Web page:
SAPP newcomer hopes to keep his school’s tradition alive

Lim Kat Chung (front row, second left) together with SAPP president Yong Teck Lee (right), the party’s Likas candidate Richard Yong We Kong (left) and the party’s Luyang candidate Gee Tien Siong outside the nomination centre on Saturday.

KOTA KINABALU: Having been a La Salle secondary school student, Lim Kat Chung knows his alma mater’s tradition of producing a long line of state and national figures.

That pressure to keep the tradition alive has suddenly fallen on his shoulders after being officially announced as the Sabah Progressive Party (SAPP) candidate for the Api-Api state seat yesterday.

SM La Salle, in Tanjung Aru here, is a mission school and one of the oldest in the state.

La Salle’s list of leaders is nothing short of illustrious. That includes two former Sabah chief ministers, Joseph Pairin Kitingan and Bernard Dompok, former state governor Ahmadshah Abdullah and the late Peter Mojuntin, the darling of the Kadazan community.

“The feeling of being even considered to be in this bracket of leaders is indescribable,” Lim said when asked if he felt any pressure in contesting the seat.

The father of three hopes to one day follow in the prominent leaders’ footsteps but played down the connection as he knew his place.

“These are big-time leaders and it is still early days for me … I have to win first anyway,” said the 39-year-old.

Standing in his way in Api-Api, which is part of the Kota Kinabalu parliamentary constituency, are veteran politicians as well — namely Sabah PKR chairperson Christina Liew and Barisan Nasional’s PBS deputy president Dr Yee Moh Chai.

Also in the five-cornered fight are Parti Kerjasama Anak Negeri candidate Land Lip Fong and independent Dr Chan Chee Ching.

Joining SAPP when the party was still part of BN in 1998, Lim has grown through the ranks and has finally been given the chance by the leadership to contest for the first time in this coming election.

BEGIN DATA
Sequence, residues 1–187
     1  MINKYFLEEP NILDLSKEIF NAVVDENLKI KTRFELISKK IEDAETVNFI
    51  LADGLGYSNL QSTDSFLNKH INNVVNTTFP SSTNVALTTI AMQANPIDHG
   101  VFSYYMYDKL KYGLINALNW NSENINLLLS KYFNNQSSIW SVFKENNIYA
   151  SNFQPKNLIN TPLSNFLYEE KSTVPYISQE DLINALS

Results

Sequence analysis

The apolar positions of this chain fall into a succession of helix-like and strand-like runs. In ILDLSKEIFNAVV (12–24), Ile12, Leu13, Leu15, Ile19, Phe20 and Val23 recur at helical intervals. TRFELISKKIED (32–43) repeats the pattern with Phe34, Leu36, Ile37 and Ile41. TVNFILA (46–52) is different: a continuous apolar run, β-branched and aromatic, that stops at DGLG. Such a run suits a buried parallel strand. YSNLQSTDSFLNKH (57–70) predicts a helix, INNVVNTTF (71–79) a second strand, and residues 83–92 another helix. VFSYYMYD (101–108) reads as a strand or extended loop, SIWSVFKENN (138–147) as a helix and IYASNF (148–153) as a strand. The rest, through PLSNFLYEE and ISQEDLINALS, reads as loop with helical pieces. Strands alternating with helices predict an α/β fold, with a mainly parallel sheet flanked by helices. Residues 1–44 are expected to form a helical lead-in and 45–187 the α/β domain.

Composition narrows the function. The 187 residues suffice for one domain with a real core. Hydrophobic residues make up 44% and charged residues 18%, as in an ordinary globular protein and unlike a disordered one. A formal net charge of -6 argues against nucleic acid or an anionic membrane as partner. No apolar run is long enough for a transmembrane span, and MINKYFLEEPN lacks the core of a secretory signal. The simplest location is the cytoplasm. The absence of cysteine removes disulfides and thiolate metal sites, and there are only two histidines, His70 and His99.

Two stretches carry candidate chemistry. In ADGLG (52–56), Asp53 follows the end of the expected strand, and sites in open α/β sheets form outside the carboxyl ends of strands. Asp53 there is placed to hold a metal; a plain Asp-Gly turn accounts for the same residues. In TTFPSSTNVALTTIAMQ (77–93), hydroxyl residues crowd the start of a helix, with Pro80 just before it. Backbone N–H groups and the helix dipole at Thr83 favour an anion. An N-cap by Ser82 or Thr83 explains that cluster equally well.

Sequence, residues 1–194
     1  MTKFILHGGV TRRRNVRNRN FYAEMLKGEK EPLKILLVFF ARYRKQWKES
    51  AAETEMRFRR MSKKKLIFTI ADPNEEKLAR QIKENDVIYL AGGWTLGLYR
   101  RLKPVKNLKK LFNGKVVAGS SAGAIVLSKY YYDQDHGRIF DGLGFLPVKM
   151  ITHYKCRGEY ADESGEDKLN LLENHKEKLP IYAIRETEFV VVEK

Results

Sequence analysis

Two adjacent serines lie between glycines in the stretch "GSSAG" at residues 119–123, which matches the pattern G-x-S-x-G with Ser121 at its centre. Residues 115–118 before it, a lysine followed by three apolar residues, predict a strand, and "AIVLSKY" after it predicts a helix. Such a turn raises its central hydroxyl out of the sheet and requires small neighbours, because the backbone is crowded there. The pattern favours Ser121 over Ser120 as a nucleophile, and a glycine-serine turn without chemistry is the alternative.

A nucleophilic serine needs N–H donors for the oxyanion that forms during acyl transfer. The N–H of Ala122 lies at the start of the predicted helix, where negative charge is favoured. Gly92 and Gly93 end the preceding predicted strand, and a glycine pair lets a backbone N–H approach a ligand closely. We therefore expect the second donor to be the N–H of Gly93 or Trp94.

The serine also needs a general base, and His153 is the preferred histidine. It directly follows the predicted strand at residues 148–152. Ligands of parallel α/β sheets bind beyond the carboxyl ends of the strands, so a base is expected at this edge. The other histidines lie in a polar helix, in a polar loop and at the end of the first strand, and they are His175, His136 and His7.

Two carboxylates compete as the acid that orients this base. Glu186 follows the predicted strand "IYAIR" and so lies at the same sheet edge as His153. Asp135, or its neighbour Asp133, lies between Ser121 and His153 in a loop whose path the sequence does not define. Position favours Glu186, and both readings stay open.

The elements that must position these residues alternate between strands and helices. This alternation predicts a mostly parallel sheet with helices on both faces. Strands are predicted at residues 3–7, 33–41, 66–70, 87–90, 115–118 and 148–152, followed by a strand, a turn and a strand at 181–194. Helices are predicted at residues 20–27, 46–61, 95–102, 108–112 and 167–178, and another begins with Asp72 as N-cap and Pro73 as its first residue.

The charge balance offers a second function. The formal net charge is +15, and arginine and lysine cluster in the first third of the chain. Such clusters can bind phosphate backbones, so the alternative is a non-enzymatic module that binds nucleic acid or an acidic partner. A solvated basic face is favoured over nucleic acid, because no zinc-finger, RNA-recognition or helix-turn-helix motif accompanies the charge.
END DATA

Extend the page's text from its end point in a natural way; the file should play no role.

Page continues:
A professional photographer by profession, Lim is a second generation SAPP member, with his father being one of the initial members of the party, which is part of the four-pact opposition Gabungan Sabah.

“Actually, I was with the party since 1994. At that time, I carried chairs and did whatever I could to be involved.

“Now that I am a candidate, I believe I have what it takes to win and I know the core values of the party,” he said.

While he admits the burden to deliver, Lim is confident in his abilities despite being a newcomer. He is focused on serving his constituents and fighting for Sabah’s rights if he wins.

“All this talk about autonomy from Parti Warisan Sabah, DAP and even BN … SAPP was the first to talk about it,” he contended.

“They all talk about the Malaysia Agreement 1963 (MA63) on how the rights ‘should be given’.

“BN’s concept is akin to ‘this is what you want? Then I will give you’. It shouldn’t be that way because it is our right, our autonomy and we should have it and keep it because it is ours,” he said.

Lim said what SAPP wanted was somewhat like the China-Hong Kong system.

“Hong Kong is still part of China but both have totally different immigration rules, their own identity cards and passports, and even the currency is different.

“Sabah can be like that. We don’t want  Sabah to leave Malaysia but we want to have a one country-two system administration,” he added.

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